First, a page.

2 Ways You Can Install Renewable Energy In Your Camping Trailer
When you are camping, you don't need to rely on gas powered generators or propane to help run components of your camping trailer. Instead, you can use renewable energy sources, such as solar and biomass (creating energy from burning plants). Here are two ways you can convert your camper to use renewable energy.
Wood Burning Stove
If you have a camping trailer, you know how expensive it can be to buy propane to run your trailer's heater. If there is a quieter and less expensive option to heat your camper, why not convert your trailer to it? A wood burning stove in your camping trailer will create warm, even heat throughout your camper and provide you a place on which to cook your meals.
First, you need to select a space in your camping trailer to place your wood burning stove. Campers are already cramped and the inside space is already used as efficiently as possible. So you will probably need to remove some furniture of other fixtures, such as the couch or entertainment center, to create room for the stove.
You will need less space in your camper for your new stove than you might think. Many wood burning stoves for campers require much less clearance than wood burning stoves for homes. In fact, one type of camper stove only needs one inch of clearance from combustible materials around it.
Your wood burning stove will need to be set on a non-combustible covered hearth pad, such as a metal stand or metal covered wooden box. Any surfaces around the sides of your stove will need to be covered in metal non-combustible panels. Then, your stove will need an air vent to feed your stove air from outside, otherwise your stove will use up all the air inside your camper, which can be deadly to you and your family.
Install and run a chimney pipe up and out the roof of your camper. It is a good idea to install a detachable chimney cap on the exterior of your camper so you can remove the top part of the flue when you are pulling your camper on the road. Once you arrive at your camping destination, inspect the integrity of your chimney flue each time before you use your stove, as it can become damaged during traveling and cause carbon monoxide to leak inside your camper. Then install a carbon monoxide detector inside your camper to make sure you and your family remain safe.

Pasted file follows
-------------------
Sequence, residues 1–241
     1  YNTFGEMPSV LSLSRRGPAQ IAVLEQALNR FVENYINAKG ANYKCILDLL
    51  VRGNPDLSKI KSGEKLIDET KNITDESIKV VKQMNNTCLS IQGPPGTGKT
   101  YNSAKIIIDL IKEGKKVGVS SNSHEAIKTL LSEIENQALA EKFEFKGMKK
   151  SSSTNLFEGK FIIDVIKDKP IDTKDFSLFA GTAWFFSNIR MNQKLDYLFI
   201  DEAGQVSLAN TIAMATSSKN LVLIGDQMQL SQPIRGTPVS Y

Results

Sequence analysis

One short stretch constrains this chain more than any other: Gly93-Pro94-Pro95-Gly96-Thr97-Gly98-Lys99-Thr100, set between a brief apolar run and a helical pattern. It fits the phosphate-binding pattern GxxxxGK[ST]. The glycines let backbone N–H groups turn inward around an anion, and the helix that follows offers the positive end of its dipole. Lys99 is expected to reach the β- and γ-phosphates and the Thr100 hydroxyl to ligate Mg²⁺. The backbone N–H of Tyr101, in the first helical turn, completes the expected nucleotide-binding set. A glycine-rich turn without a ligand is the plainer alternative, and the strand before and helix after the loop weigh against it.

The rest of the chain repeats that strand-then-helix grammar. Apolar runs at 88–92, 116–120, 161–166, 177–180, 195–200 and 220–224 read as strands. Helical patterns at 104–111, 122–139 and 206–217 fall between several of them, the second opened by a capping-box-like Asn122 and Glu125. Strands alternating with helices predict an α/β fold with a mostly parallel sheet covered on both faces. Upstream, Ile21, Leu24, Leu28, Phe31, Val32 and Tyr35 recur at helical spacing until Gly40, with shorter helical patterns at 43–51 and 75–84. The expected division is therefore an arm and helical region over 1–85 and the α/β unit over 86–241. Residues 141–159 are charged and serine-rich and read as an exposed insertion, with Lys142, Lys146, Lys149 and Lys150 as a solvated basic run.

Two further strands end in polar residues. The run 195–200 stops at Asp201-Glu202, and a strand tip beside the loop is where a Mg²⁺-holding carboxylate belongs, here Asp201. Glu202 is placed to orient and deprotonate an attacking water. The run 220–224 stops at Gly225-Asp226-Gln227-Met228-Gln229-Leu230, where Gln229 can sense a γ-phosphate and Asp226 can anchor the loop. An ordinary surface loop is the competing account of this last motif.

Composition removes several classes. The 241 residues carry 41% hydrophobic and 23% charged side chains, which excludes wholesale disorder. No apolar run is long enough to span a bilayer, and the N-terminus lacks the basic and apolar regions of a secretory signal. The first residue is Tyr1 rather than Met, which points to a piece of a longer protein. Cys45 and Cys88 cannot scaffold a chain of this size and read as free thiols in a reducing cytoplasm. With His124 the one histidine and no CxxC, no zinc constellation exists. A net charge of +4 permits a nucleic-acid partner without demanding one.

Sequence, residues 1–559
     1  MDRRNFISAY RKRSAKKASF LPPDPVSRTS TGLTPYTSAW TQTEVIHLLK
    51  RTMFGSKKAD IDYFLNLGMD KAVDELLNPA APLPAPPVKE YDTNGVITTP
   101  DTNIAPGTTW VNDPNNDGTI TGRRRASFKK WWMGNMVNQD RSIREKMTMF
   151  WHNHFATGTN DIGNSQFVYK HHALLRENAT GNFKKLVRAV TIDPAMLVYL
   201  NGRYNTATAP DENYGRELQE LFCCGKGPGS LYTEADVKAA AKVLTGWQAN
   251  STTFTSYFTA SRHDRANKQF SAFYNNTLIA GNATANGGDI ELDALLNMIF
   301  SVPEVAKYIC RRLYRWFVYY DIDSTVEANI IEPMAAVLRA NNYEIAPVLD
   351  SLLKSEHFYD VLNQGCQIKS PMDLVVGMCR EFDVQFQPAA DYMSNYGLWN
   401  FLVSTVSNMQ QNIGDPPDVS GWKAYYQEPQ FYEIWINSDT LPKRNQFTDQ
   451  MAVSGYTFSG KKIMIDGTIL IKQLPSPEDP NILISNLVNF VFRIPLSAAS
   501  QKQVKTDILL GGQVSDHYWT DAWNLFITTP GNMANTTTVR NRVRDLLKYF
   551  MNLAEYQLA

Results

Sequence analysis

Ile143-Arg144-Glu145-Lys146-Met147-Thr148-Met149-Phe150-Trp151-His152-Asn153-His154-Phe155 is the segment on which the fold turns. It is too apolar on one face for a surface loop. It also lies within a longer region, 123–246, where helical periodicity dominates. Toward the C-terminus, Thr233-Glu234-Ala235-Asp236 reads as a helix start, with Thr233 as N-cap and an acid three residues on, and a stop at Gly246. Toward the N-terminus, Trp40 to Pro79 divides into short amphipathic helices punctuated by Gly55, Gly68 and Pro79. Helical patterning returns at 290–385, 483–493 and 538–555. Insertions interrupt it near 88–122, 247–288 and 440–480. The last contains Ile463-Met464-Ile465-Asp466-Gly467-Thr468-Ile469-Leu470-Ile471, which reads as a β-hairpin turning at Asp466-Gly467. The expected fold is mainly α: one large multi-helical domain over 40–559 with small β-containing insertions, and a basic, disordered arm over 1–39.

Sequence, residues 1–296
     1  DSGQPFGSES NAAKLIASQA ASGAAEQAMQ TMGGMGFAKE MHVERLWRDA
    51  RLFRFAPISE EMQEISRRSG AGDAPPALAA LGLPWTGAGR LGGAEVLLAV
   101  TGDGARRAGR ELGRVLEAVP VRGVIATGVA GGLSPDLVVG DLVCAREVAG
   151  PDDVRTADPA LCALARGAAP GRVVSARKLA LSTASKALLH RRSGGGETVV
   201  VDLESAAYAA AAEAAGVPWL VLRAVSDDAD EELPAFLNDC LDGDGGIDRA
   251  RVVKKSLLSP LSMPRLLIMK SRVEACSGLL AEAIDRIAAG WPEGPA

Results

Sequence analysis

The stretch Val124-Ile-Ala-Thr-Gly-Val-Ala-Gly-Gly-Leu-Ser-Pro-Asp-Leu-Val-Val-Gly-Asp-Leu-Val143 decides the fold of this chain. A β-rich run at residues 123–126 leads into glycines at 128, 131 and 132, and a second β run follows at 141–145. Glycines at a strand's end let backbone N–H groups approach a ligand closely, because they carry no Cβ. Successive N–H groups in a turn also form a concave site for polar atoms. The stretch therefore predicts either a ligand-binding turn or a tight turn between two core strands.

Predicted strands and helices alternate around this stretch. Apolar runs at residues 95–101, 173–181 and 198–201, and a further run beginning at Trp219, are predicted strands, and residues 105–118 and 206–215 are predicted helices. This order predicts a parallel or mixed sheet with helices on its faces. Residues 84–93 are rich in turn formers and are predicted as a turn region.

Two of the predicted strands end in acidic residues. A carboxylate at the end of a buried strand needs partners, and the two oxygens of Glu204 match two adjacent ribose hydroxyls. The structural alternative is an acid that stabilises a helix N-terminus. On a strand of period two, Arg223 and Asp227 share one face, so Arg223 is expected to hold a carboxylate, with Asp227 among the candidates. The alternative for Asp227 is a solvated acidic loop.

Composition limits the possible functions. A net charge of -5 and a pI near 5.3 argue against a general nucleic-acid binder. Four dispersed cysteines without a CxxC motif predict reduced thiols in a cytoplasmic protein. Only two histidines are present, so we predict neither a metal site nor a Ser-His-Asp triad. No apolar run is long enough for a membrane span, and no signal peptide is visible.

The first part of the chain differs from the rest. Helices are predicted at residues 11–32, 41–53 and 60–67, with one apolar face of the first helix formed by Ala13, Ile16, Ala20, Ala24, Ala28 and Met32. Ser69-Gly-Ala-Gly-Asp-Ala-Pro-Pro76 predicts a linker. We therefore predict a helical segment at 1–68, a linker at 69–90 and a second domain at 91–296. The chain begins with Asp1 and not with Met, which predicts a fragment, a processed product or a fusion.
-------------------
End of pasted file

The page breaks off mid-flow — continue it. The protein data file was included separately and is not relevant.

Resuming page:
You can also install solar panels on your camping trailer to run some or all your camper's electrical components. First, you will need to determine how much power you need for your camper, then buy the solar panels to provide the wattage to your camper.
For an above-average power usage while camping, you may want to power your camper's fan, lights, electrical outlets to charge your phone and laptop, keep your camper's battery charged, and watch two hours of television per day. To accommodate this, you will need approximately 1120 watt hours from your solar panels, which you can get from two 140-watt solar panels. You can mount the panels on your camper's roof at an angle or horizontally to get the best sun exposure.
You will also need a charge controller, which regulates the current and voltage coming from the solar panels into your camper so your batteries don't get overcharged. The charge controller creates DC power which will charge your camper's battery. Then you will need an inverter to change the DC power to AC power so you can provide power to the electrical outlets and electronics inside your camper.
It is a good idea to install a digital monitoring unit so you can watch how much wattage you are receiving from your solar panels. This will allow you to see when the wattage from your panels drops at any time due to clouds or another obstruction in the way of your panels.
These two ideas can help you convert your camper to use renewable energy. For more ideas, contact a company like Energy Service For Less.